Book Crook Confessions

Where books steal the show

Super Sunday’s First Review!!!! Nightlife by Rob Thurman

Nightlife
Author: Rob Thurman
Series: Cal Leandros #1
Published: March 7, 2006 by ROC

Nightlife (Cal Leandros, #1)

Blurb from Goodreads: “Welcome to the Big Apple. There’s a troll under the Brooklyn Bridge, a boggle in Central Park, and a beautiful vampire in a penthouse on the Upper East Side – and that’s only the beginning. Of course, most humans are oblivious to the preternatural nightlife around them, but Cal Leandros is only half human.

His father’s dark lineage is the stuff of nightmares – and he and his entire otherworldly race are after Cal. Why? Cal hasn’t exactly wanted to stick around long enough to find out.

He and his half brother, Niko, have managed to stay a step ahead for four years, but now Cal’s dad has found them again. And Cal is about to learn why they want him, why they’ve always wanted him: He is the key to unleashing their hell on earth. The fate of the human world will be decided in the fight of Cal’s life . . 

Stars: 2/5
This book had a good premise, I was impressed with the idea of the book and its potential because who doesnt love a good ass kicking antihero on the run right? Wrong.
The potential of this book falls flat right as you finish the prologue and never redeems itself past that point. The writing from a male perspective is wonderful and refreshing in a world were most fantasy books follow a heroine. The male perspective is actually one reason Nightlife rushed up my to-read list but the dialogue seems to constantly beat you over the head with the fact its written by a male, as if the author wants to make sure you appreciate the different perspective. You cant go more than a few lines without the characters cursing, making an innuendo of some kind, or feeling the need to reference their dicks. We get it, the narrator is a guy.
Next comes the relationship between the two brothers. On one hand you have self loathing main character Cal. He’s a monster and he has a tough life, it endears you to him, sets up the story well for him to be a lovably scrappy character as readers pull for his happy ending. Sadly, this isn’t made a positive but a negative because Cal doesn’t stop complaining about how sad and unnormal and monstrous he is until the last sentance of the novel. He has difficulty coming to terms with who he is  and that personal journey can at some times be entertaining, but no one enjoys a novel long pity party which is what I feel the overall message of Cal’s self loathing becomes.
You then have all around perfect brother Niko who falls just as short in the characterization department as his brother Cal. Niko is perfect in every way, he is kind, unconditionally loves his brother, gets all the ladies (and even humorously some men), is a rare human in the magic filled world but yet has almost supernatural skills with weapons. Niko is amazingly attractive, smart and witty and all around perfect. If you thought that was a bit overzealous on the praise then read the book and you’ll find thats what comes out of Cals mouth every time he mentions Niko. He is a foil so some exaggeration is acceptable but at some point you have to make a sibling relationship realistic and the complete drooling adoration Cal has for Niko falls short of realism.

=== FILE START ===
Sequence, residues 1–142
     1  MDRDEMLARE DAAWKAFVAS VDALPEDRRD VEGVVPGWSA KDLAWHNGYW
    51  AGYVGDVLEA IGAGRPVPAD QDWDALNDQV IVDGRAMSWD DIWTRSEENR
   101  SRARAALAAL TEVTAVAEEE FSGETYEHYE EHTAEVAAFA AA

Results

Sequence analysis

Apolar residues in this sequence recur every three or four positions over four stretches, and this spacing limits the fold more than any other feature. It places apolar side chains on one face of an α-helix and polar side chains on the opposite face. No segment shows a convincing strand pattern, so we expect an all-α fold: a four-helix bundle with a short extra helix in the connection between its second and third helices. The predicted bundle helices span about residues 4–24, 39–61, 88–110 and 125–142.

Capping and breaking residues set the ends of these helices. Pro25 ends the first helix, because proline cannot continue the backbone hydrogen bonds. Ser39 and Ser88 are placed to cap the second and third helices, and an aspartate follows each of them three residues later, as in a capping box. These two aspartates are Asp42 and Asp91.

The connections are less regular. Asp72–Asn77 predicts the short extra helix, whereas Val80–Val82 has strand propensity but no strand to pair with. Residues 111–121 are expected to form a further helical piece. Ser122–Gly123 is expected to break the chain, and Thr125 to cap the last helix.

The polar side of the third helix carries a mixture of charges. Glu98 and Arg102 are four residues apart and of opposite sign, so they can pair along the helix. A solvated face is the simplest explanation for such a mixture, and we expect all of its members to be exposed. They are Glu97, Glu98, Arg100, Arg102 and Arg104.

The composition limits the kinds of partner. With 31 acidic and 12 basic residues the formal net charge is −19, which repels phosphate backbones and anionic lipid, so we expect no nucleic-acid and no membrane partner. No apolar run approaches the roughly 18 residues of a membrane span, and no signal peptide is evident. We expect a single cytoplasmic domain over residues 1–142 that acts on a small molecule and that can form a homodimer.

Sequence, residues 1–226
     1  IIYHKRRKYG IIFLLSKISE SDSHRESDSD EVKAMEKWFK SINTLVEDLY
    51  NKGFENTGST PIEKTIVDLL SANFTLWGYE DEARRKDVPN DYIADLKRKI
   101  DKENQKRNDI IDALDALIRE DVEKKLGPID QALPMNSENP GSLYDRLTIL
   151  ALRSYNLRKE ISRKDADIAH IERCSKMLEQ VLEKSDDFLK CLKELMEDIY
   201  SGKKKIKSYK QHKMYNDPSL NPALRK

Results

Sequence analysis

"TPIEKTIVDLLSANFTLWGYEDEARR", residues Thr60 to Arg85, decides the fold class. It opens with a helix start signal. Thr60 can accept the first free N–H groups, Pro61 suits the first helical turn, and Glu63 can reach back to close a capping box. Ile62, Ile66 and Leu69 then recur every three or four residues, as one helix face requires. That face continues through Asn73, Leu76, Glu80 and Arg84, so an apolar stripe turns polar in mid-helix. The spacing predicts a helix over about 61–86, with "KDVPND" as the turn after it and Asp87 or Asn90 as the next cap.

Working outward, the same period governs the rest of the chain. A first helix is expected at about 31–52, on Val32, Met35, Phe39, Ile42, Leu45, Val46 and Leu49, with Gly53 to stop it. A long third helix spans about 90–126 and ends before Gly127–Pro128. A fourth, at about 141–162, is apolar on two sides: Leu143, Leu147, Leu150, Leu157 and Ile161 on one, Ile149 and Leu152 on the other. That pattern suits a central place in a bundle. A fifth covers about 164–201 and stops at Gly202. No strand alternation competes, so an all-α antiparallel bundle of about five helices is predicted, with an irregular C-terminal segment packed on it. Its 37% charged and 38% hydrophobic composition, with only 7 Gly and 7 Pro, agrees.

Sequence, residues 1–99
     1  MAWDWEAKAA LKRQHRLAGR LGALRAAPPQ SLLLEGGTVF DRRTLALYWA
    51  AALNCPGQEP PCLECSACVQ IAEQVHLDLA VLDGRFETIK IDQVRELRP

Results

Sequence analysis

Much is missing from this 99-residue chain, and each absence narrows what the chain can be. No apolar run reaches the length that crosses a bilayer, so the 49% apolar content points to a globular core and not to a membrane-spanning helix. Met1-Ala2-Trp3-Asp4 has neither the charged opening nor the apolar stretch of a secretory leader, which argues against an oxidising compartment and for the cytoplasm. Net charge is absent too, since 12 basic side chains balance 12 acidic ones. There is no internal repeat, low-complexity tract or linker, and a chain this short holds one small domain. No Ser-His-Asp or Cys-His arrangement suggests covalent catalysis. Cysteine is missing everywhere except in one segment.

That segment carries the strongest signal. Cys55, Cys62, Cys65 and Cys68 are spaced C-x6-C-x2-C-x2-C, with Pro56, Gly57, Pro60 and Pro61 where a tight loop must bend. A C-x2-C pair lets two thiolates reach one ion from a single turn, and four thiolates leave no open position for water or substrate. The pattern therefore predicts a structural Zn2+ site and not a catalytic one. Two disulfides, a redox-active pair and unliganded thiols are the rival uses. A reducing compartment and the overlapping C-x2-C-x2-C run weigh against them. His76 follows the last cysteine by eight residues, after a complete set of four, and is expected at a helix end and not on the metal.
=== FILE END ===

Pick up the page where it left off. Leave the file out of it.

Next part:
Golden Boy Niko…of sorts 
Finally, I found the writing itself is clunky and awkward, especially in the dialogue. The plot structure had some major holes, that is to be expected somewhat in a new series and I hope will be fleshed out in future novels.Despite that hope however, I found this novel as a stand alone lacking in terms of explanation for the antagonist and reasoning for how the plot proceeds. Its almost as though the author got midway through and had 3 great ideas of how to proceed to ending the book, so instead of picking one and having an impressive first novel, he decided to go for all 3 antagonist.  They felt shoved together into one big jumbled barely coherent plot line that left me unsatisfied with the quick resolution of all antagonist. All in all I give it a two if not but that fact it is bearable enough you could suffer through it in hopes that the great potential will be fleshed out in later novels with better dialogue, characterization, and a centralized plot for the serise to come. The characters had promise, the fact that this features a strong male cast rather than two cut outs in a love triangle gives the novel major points.
     If your not in the mood to struggle through this clunky first novel to find a diamond in the rough of a series, I would leave this book be and find another of the many excellent paranormal YA books out there. If your interested in the less than stereotypical cast of monsters, a male cast of ass kicking heroes, and some promise down the road I say pick Nightlife up, it can be finished rarely quickly at less than 400 pages and it would not be a regrettable way to spend an afternoon.
Til Next Time,
Your Book Crook
Hunter 
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